ALESTLE VIEW: SIUE’s spoofing issue is getting worse

With subject lines like “GET THIS SUMMER JOB” and “free job opening” getting more common in our SIUE inboxes, it’s worrying that SIUE’s filters aren’t catching spam emails more often. Whether it means getting better spam filters or teaching staff and students to be more aware, something needs to be done.


The problem of these emails isn’t new — in fact, they tend to use methods we at The Alestle have covered, such as “spoofing”, and other similar methods such as “phishing”. These methods, despite having traits in common, are different. Still, both are showing up increasingly in student inboxes.


The FBI defines spoofing as a method of disguising a form of contact, in this case, emails, as being from a trusted person, and seeking private information for malicious purposes. Conversely, phishing attempts to mimic emails from a company or organization and links you to a fake version of the real organization’s website in order to have you provide login credentials or other sensitive information.


While these emails may on the surface just seem to be annoying and obvious scams, they’re not obvious to everyone. Some of the emails even appear to be fully legitimate, making credible looking email signatures or using the names of professors. Unfortunately, many fall for these scams, and end up sharing details like their personal email addresses or their phone numbers with scammers. 


When people fall for these scams, it comes from a lack of technological literacy. Many will respond wholeheartedly to these scam emails without even checking where it comes from. When you get an email that claims to be from a professor but is using a domain other than to send it, you should double check that the email isn’t fraudulent. You can do this by checking for a professor by their name under SIUE’s People Search. Even if they come up under the entry, it’s best to email the professor through their SIUE email to verify if they sent the email.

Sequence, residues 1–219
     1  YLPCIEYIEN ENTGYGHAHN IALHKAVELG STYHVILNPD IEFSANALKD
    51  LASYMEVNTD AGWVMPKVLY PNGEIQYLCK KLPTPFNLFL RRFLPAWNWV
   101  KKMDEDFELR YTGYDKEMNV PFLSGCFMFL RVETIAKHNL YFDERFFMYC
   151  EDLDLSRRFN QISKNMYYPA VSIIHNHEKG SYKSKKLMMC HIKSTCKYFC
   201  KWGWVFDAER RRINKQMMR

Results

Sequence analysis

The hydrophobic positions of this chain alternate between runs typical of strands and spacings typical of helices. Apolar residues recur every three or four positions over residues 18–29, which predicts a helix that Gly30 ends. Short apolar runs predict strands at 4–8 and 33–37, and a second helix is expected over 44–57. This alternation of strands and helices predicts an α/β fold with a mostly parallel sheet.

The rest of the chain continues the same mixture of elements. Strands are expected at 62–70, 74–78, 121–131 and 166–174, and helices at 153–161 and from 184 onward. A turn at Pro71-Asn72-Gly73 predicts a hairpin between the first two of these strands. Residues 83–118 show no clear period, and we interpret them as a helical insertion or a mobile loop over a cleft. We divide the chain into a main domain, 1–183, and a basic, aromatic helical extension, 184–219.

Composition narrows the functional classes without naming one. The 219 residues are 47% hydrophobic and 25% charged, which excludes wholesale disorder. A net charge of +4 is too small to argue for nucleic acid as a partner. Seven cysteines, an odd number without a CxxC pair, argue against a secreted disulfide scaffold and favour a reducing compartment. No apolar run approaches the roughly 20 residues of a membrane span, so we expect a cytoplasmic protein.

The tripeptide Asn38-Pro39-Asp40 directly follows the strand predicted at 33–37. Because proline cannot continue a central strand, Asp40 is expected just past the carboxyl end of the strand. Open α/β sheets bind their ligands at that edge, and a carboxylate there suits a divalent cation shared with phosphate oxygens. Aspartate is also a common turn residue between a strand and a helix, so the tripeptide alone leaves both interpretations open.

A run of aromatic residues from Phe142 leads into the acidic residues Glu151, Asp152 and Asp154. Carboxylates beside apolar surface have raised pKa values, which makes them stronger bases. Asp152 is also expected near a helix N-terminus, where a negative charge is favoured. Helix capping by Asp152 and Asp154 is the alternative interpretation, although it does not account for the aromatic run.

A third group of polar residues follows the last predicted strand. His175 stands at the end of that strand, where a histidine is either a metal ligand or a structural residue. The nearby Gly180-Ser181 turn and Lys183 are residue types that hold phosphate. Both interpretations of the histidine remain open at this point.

It’s best to also consider if these offers are too good to be true. Sure, there are jobs you can take as a student that pay well. But if an email is offering you $350 a week for four hours of work, consider why any employer would be willing to pay $87.50 an hour to a part-time, entry-level student employee.


However, this cannot solely be the responsibility of those receiving these emails. SIUE needs to do more to create awareness for these scams, and prevent students and staff from giving out private information.


One of the solutions would be to implement training for students as well as faculty and staff to increase understanding of how to avoid these scams. Students could be taught how to recognize and ignore fraudulent emails via First Semester Transition, a required course helping freshmen transition into the SIUE community. When covering valuable resources and skills to navigate campus, technological literacy is just as important. Faculty and staff, similarly, could be trained to be aware of these scams as a mandatory training that goes along with their employment.


Another solution would be to implement more spam filtering systems for SIUE’s email system. While we understand that spam always finds a way to get past updates, dedicating more resources to help ITS implement regular updates would be of benefit to our community. These solutions listed could easily work in tandem with each other, so even when spam slips through the cracks, there’s more knowledge on how to avoid it.

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